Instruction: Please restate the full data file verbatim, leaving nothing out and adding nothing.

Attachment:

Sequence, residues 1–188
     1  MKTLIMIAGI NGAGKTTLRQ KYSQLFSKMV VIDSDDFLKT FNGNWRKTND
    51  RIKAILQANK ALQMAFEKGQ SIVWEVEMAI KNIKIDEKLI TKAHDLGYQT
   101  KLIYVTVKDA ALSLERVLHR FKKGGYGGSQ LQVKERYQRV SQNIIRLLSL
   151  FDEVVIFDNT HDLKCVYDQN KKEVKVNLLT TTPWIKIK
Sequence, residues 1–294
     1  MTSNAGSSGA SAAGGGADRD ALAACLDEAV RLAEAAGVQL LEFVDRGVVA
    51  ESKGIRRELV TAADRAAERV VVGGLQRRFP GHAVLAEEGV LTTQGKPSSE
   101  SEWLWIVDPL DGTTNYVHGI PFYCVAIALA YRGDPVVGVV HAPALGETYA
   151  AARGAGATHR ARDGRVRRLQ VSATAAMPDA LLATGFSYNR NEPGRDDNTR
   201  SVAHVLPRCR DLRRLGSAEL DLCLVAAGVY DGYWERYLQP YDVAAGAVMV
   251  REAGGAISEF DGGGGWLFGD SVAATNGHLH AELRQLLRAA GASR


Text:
Sequence, residues 1–188
     1  MKTLIMIAGI NGAGKTTLRQ KYSQLFSKMV VIDSDDFLKT FNGNWRKTND
    51  RIKAILQANK ALQMAFEKGQ SIVWEVEMAI KNIKIDEKLI TKAHDLGYQT
   101  KLIYVTVKDA ALSLERVLHR FKKGGYGGSQ LQVKERYQRV SQNIIRLLSL
   151  FDEVVIFDNT HDLKCVYDQN KKEVKVNLLT TTPWIKIK
Sequence, residues 1–294
     1  MTSNAGSSGA SAAGGGADRD ALAACLDEAV RLAEAAGVQL LEFVDRGVVA
    51  ESKGIRRELV TAADRAAERV VVGGLQRRFP GHAVLAEEGV LTTQGKPSSE
   101  SEWLWIVDPL DGTTNYVHGI PFYCVAIALA YRGDPVVGVV HAPALGETYA
   151  AARGAGATHR ARDGRVRRLQ VSATAAMPDA LLATGFSYNR NEPGRDDNTR
   201  SVAHVLPRCR DLRRLGSAEL DLCLVAAGVY DGYWERYLQP YDVAAGAVMV
   251  REAGGAISEF DGGGGWLFGD SVAATNGHLH AELRQLLRAA GASR